One of my favorite bands of the late eighties and early nineties is Tesla. Named for the Serbian-American inventor and electrical engineer Nikola Tesla, this band had some diverse music that fluctuated between head-banging hard rock to edgy blues rock. This band may have actually been the first rock music our youngest daughter Crysta heard. She was within weeks of being born when Robin and I attended their 1992 concert in Tampa, Florida. Tesla have sold over 16 million albums in the United States as of this year. Tesla has wrongly been categorized as a glam metal band with the likes of Def Leppard and Poison. I think it’s namely due to the fact their popularity rose about the same time as those “polished” metal bands. The band has proudly proclaimed that their music is pure guitars and drums with no synthesizers or anything to distort their sound. Their previous six studio albums have all proudly proclaimed “No Machines.” As a guitar player myself I recognized that their musicianship and skill set Tesla apart from all the other “hair” metal bands of the eighties and nineties. The current band lineup is still Jeff Keith on lead vocals, Frank Hannon on guitars, piano, and Hammond organ, Brian Wheat on bass, and piano, and Troy Luccketta on drums. The only exception to the lineup is Dave Rude who replaces Tommy Skeoch on the second guitar.
The seventh studio album from Tesla is called “Forever More“. The album was released on October 7th, 2008 on their own label Tesla Electric Co. The album was recorded while “we were riding an incredible wave of energy that doesn’t come easy for a band of rookies much less a band whose been doing this for over 20 years – and we wouldn’t have it any other way”, states Frank Hannon in a recent interview. The first track is also the title track. The track starts out with a cool bent note riff that builds to a heavy rhythm as Jeff Keith’s recognizable vocals kick it all into full gear. The next track is “I Wanna Live. It is a great uplifting song that is very typical up-tempo Tesla music in the same vein as past songs like “Getting Better”, “Hang Tough”, and “What You Give”. The third track is called “One Day At A Time” and contains some very good musical composition with a cool bridge and song outro guitar solos. The fourth track is song that deals with the reality of this world called “So What”. A verse in the lyrics says that life is not paradise, but so what, life is still beautiful.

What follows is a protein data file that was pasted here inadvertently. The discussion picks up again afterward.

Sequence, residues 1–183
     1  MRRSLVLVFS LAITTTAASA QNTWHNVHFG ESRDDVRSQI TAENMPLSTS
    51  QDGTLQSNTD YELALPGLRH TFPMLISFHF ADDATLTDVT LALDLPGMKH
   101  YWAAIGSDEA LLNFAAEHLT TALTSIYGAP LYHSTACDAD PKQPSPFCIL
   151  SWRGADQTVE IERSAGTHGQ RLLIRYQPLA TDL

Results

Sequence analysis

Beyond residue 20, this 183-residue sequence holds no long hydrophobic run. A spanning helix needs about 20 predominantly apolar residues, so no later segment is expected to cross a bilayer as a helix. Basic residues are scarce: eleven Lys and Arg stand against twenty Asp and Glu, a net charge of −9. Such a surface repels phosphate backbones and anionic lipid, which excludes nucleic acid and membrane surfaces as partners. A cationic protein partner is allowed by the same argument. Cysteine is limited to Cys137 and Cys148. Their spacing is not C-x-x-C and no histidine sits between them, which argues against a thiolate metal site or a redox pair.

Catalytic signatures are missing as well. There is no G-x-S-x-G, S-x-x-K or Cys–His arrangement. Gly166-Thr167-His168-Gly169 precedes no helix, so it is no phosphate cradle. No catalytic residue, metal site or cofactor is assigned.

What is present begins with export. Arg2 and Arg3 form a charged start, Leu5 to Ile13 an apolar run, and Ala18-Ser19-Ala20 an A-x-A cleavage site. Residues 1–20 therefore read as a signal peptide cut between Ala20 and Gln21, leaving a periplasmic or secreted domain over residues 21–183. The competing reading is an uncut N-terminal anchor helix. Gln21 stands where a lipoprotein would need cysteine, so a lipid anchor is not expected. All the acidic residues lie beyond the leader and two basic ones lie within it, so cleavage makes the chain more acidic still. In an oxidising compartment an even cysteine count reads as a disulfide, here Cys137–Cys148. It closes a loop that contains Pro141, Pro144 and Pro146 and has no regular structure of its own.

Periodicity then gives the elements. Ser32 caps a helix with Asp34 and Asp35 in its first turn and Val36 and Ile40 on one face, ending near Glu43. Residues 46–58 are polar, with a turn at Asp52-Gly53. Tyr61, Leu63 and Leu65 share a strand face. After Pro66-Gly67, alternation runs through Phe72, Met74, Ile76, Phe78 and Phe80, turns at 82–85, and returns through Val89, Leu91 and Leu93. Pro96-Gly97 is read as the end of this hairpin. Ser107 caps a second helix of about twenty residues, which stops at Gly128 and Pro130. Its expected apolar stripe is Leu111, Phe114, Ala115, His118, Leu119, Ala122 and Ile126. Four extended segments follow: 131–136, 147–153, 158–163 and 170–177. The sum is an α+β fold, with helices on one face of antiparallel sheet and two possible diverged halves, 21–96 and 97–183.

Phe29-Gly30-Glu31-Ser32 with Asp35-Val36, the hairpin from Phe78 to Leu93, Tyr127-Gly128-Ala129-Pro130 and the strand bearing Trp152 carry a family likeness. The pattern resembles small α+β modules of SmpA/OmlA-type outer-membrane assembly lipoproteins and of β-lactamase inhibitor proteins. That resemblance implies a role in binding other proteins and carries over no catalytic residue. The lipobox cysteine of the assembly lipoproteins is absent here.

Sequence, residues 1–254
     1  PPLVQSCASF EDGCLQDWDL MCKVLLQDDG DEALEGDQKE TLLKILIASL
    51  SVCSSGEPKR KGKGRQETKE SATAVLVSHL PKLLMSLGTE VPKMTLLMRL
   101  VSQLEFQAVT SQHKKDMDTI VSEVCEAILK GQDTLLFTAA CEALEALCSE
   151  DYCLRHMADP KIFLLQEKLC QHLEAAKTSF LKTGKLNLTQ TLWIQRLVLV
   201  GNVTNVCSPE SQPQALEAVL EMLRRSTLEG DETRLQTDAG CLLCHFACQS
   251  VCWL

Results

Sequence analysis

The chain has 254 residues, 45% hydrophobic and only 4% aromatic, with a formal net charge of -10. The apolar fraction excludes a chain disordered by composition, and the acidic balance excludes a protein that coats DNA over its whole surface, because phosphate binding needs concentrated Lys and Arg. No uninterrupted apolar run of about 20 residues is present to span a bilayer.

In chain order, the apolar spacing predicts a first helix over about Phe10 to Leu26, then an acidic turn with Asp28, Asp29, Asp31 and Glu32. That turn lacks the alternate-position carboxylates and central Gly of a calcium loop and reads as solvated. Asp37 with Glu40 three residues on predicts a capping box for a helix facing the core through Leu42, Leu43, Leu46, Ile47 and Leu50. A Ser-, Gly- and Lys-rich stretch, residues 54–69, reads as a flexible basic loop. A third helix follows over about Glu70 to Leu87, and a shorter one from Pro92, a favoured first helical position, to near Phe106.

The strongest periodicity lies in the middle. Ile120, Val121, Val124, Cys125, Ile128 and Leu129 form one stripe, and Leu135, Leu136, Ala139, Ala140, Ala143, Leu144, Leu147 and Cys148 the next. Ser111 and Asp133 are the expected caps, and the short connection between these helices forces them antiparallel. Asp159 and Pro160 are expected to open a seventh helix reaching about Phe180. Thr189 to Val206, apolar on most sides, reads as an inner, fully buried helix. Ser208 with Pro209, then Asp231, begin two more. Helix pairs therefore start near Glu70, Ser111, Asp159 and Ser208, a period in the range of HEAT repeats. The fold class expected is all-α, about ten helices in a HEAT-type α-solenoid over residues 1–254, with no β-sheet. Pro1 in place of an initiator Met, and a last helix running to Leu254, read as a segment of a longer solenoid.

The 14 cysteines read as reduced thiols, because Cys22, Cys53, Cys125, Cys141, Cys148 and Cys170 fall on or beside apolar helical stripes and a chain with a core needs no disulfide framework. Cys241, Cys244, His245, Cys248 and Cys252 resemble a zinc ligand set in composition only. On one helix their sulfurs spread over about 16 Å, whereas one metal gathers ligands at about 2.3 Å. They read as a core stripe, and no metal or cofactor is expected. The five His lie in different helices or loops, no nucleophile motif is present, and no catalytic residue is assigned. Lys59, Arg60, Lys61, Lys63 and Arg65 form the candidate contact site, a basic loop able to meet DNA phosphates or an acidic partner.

Your telling everybody that the worlds unfair, well
So What! So What!
It’s time to get real,
It’s not paradise,well
So What! So What!
The album highlights include the first four plus “Just In Case” which is a tender song about searching for the meaning of life and what comes after. The author seems to have some new comprehension about the existence of God and entrance into heaven. The second verse is searching:
I’m trying once again
every time I try to talk to
it’s like i never seem to get through
i never have the strength, never put my faith in you
maybe i should just realize
i don’t deserve you in my life
they say it’s in your hands
everything’s just like you planned
it’s good enough for them, so why not me
only i could pray
i know what i would say
dear god i’m talking to ya
Just in case I don’t make it to heaven
I’d like to personally thank you for giving
something so beautiful makes life worth living yeah
thank you just in case I
don’t make it
As my wife stated when she heard the lyrics, “It sounds like someone is having an epiphany.” If you believe in Jesus Christ as the son of God, His death, burial, and resurrection, and how that redeems you from your sinful debt owed to God. Then you can have assurance that you will be able to thank God as the song’s author pleads for that opportunity. “Fallin’ Apart” is a neat bluesy song about love and breaking up. The blues guitar in the song is reminiscent of the one in “Song And Emotion” from the album “Psychotic Supper.” “Pvt. Ledbetter” is a somber song that is dedicated to the troops serving our country in a war to keep us safe and free. “In A Hole Again” is a darker song with deep lyrics about dealing with depression and the facades people hide behind. Musically the song has a couple of diverse guitar solos that match the darkness of the mood.
In wrapping up this review I’d like to express my appreciation to Tesla for going back into the studio and recording this great new release. The Tesla sound is recognizable and better than ever. Jeff Keith’s vocals are just as good as ever, the lyrics are deeper and more mature. The guitars are as skillful as I had remembered and the drumming is outstanding. I give the album four and a half guitars out of five.
Check out the new music video from the first single “I Wanna Live.”